Philip Lutgendorf might know more than anyone about the history of chai in India. Professor of Hindi at University of Iowa and President of the American Institute of Indian Studies, Lutgendorf spent a year in India researching chai on a Fulbright-Hays faculty research award. He submitted this anecdote of a chai wallah he met about ten years ago in Delhi whose business was revolutionized by cell phones:
I went to Old Delhi to buy some Hindi books at Star Publications on Ansari Road. Outside, on the arcaded pavement, a chai wallah had set up his stand. Nothing unusual about that, but the man was. He was smartly dressed, with a sport jacket, loafers, sunglasses tucked into the opening of his shirt. He could have been a moonlighting university professor! And he had a mobile phone (not so common in those days) hanging on a cord around his neck. While he was making chai for me (excellent chai, made to my request, with fresh ginger) his phone rang and I realized he was taking an order from a nearby office. Soon a little boy was running off with the usual wire basket full of brimful glasses. He remarked to me on what a boon the phone was for his business. This vignette, at that time, seemed to epitomize to me the changes wrought by the coming of cell phones and the emergence of a new middle class, even among very small entrepreneurs like this man.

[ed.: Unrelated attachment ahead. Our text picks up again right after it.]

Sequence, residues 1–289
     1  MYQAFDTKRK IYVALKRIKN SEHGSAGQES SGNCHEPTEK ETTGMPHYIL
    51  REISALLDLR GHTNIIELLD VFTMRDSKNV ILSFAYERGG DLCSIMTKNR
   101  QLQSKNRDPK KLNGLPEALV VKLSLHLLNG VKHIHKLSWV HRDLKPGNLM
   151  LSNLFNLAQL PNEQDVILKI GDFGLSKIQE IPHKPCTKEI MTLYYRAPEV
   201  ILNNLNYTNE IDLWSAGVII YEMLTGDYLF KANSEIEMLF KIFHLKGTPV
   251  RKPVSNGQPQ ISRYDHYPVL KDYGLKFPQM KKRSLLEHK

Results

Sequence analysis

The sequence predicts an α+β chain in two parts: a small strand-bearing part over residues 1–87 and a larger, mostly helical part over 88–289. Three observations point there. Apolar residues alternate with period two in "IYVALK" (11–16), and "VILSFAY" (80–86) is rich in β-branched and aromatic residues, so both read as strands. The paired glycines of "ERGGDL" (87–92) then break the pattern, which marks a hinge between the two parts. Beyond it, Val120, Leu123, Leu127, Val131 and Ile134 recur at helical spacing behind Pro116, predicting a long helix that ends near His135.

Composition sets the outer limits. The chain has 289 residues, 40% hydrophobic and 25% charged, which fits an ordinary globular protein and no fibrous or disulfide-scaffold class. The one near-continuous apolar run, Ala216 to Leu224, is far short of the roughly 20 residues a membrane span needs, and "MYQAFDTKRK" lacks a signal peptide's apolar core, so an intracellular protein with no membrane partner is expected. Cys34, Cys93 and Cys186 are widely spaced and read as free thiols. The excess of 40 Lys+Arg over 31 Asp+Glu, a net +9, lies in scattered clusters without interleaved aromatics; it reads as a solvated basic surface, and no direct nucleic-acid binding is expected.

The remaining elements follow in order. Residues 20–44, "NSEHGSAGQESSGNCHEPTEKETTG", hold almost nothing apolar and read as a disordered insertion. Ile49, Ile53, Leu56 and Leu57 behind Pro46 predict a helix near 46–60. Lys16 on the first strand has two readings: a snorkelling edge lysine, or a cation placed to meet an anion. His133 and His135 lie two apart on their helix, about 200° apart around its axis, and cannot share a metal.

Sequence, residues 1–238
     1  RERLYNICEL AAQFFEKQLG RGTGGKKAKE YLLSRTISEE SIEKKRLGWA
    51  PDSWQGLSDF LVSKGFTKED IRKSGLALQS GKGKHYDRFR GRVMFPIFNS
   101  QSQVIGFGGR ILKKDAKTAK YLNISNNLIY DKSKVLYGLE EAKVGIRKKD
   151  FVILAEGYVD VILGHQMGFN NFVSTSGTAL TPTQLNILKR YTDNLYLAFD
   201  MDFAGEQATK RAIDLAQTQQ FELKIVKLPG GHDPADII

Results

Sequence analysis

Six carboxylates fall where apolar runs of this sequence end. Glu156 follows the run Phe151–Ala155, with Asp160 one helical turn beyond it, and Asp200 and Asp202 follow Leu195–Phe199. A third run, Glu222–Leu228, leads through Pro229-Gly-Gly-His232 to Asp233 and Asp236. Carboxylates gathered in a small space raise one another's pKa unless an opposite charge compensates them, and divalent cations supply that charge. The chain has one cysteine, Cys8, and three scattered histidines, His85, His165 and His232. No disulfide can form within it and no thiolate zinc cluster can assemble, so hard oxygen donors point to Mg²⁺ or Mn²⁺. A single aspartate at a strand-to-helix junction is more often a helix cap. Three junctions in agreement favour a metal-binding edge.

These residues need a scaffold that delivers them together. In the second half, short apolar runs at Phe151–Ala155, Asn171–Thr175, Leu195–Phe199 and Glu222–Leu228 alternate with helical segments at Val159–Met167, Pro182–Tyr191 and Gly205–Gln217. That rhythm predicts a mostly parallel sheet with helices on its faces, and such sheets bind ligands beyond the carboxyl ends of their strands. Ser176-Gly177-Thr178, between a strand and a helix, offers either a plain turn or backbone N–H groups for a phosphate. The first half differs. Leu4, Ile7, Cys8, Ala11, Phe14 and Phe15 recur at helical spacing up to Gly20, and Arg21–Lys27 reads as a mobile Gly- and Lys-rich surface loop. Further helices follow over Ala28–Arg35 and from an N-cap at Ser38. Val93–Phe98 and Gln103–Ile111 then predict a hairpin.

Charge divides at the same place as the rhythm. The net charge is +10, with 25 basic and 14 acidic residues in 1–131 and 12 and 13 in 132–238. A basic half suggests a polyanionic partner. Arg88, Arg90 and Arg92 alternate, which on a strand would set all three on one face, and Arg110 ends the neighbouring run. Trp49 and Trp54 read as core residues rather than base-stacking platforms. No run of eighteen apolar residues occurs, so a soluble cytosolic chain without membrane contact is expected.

- Philip Lutgendorf, Professor of Hindi, University of Iowa